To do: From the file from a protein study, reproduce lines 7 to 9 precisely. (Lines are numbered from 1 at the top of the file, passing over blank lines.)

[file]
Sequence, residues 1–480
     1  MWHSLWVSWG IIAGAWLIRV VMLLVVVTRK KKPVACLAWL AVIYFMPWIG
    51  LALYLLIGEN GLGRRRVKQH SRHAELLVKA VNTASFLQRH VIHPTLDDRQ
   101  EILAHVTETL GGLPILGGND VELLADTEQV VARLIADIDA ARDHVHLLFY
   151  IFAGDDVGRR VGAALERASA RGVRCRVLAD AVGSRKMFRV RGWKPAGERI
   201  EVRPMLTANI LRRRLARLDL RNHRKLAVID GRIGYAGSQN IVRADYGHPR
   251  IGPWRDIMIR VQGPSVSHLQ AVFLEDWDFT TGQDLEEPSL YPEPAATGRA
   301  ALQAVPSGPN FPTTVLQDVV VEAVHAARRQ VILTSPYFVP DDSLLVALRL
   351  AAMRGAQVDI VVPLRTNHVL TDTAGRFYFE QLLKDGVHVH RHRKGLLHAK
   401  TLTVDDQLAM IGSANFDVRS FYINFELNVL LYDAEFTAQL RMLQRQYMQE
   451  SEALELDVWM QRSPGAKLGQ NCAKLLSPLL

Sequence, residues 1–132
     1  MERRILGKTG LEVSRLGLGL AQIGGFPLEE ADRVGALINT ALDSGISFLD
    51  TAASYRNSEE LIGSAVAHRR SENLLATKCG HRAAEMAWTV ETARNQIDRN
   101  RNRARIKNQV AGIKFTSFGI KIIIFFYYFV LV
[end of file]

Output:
   251  IGPWRDIMIR VQGPSVSHLQ AVFLEDWDFT TGQDLEEPSL YPEPAATGRA
   301  ALQAVPSGPN FPTTVLQDVV VEAVHAARRQ VILTSPYFVP DDSLLVALRL
   351  AAMRGAQVDI VVPLRTNHVL TDTAGRFYFE QLLKDGVHVH RHRKGLLHAK